"Do I have any formal education as a health care professional? I've been waiting for this question. I do not believe a woman needs formal education as a health care professional to make informed decisions about her health. I think it is imperative that all women become more actively involved in their health care. This question was asked of someone in the homebirth community....sorry I can't remember the name. She had written a book one birth and was asked what credentials she had that would qualify her to make the statements she did about birth. Her reply: "I can read." I, too, can read. I hope you will not discount the wishes of your patients simply because they do not have the schooling you do. "
I would like to share my experience around this issue. I have three children; all were complicated pregnancies, with a c-section for the first birth and two VBACs to follow. With each birth, and a demise at 20 weeks in between the last two, I learned a little more about how things worked, with regards to both my own body and the general hospital environment. I read every pregnancy book I could get my hands on, talked to lots of folks, and was generally well-informed about my choices and comfortable with my decisions. I got so interested in pregnancy and labor in general that I decided to become a doula and help other women with high-risk pregnancies enjoy the kind of labor support that is often only offered to low-risk women. I entered training and was given a reading list with 10 or 15 books of required reading. I attended births as a volunteer at the local public hospital, often working with immigrant women who spoke no English and to whom our hospital system was terrifying. I loved my work and felt necessary and helpful, and felt even more well informed, well educated about how to help laboring women, and dedicated to my field. But I wanted to do more...and one day while driving home from a birth it hit me that what I really wanted to do was become a midwife. I talked to the midwives at the hospital where I volunteered about whether the licensed midwife or CNM route would be preferable; what decided me was the midwife who said, "I want to work with women of color, and most women of color deliver in a hospital, so that's why the CNM route was right for me." That winter I enrolled in a local community college to start taking prereqs for nursing school. Four and a half years later I graduated with a BSN, knowing that, just as what I had learned as a patient was a teeny fraction of what I learned as a doula, so what I learned as a doula was a teeny fraction of what I had learned in nursing school. Then I started my job as an L&D nurse and learned...that I knew nothing. That I could read every book and write every paper and ace every test, and spout every theory and statistic in the universe, and still it wouldn't matter, because there was no way to gain knowledge except through experience. My hands had to learn to palpate contraction strength, and feel for veins, and recognize the onset of chorio long before a temp started spiking. My eyes had to recognize the difference between strip patterns that looked okay and ones that heralded trouble down the pike aways, to see the difference between bleeding that was normal and bleeding that was not. My ears had to hear the change in heart tones that signaled I better get that patient back to the OR NOW, and to recognize when my Mag patient's SOB was due to incipient pulmonary edema and when it was her underlying asthma kicking up. And still, today, I am learning every moment. Every patient teaches me something new. My job is to prevent problems from happening, to prevent small problems from becoming big problems, and to provide care and comfort during those rare times when catastrophe is truly unpreventable. It is a hard, hard job, far harder than I ever imagined in all my days as a patient, as a doula, and as a student.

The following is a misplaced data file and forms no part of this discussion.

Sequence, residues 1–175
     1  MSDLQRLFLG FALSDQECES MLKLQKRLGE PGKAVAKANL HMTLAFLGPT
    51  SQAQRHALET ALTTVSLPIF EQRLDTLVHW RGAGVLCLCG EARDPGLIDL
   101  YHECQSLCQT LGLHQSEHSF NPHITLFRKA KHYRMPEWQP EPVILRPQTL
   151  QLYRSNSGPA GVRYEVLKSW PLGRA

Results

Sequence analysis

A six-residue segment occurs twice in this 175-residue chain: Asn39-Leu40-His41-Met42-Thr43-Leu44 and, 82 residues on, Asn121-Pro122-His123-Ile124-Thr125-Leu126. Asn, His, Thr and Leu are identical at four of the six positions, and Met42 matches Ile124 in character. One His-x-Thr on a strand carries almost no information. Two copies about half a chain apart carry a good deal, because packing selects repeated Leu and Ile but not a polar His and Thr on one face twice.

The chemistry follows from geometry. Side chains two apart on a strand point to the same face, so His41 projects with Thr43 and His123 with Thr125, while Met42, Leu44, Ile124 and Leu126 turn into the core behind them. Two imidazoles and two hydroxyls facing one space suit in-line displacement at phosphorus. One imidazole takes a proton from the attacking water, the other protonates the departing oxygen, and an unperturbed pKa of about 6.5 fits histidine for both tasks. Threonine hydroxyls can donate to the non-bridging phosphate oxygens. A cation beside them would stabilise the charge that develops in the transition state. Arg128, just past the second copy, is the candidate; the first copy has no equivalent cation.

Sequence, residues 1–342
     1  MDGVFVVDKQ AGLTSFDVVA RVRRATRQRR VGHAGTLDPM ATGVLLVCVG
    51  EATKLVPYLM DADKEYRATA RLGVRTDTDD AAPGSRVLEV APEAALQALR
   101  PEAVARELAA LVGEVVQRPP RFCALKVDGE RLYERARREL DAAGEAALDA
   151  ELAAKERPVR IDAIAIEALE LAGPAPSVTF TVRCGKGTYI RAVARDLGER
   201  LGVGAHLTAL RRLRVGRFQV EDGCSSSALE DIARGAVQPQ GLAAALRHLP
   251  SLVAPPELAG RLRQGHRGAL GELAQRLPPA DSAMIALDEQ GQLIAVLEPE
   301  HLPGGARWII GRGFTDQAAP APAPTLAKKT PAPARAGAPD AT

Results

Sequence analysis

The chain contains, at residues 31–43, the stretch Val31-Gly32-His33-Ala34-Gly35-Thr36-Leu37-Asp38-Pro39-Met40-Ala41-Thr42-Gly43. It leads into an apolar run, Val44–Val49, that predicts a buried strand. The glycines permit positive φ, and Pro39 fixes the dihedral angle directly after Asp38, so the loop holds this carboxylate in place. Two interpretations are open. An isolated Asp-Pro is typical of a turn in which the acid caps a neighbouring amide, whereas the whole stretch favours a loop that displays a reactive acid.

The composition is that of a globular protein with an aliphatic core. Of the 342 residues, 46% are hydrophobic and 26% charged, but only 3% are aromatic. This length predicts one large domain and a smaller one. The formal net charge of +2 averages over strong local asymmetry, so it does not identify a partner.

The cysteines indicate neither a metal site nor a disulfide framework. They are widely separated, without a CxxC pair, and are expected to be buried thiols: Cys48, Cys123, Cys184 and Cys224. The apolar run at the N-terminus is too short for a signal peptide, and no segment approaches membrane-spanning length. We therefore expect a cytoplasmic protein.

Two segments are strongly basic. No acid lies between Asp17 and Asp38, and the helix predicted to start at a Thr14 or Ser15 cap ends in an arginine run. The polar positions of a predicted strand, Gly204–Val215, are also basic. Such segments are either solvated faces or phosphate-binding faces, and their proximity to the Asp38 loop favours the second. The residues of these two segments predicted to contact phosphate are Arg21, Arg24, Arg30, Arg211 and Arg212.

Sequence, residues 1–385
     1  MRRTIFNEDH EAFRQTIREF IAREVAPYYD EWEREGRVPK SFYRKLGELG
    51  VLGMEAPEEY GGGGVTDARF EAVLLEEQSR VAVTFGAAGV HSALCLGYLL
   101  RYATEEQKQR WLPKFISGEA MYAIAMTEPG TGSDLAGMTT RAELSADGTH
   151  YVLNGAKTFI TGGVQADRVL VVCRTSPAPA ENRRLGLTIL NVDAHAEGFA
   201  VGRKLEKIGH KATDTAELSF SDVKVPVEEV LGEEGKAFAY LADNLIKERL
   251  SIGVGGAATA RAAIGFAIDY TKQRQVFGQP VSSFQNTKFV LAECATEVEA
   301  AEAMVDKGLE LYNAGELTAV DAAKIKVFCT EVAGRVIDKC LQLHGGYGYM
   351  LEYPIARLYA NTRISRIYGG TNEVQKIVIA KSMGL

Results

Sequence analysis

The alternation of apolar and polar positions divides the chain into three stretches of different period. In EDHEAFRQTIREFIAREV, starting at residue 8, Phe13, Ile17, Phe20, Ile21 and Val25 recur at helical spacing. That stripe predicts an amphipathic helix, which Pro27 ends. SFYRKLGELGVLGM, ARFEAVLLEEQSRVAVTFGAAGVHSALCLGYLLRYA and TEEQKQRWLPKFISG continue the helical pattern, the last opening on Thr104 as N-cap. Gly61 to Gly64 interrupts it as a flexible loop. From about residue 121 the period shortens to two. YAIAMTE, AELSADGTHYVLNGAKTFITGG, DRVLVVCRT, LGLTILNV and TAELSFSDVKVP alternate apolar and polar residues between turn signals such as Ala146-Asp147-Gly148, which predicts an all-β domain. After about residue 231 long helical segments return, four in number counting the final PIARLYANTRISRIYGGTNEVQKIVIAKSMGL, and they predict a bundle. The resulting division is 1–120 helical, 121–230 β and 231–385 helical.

I am a mother and a nurse. Being a good mother is incredibly difficult. Being a good nurse is harder still.
I greatly respect every patient who takes the time to know her body, her own wishes, and what will make her feel safe enough to labor under my care. I respect the doulas who take the time to comfort and care for these women after undergoing rigorous and well-informed training themselves. I only wish these women would more often respect my experience as much as I respect theirs.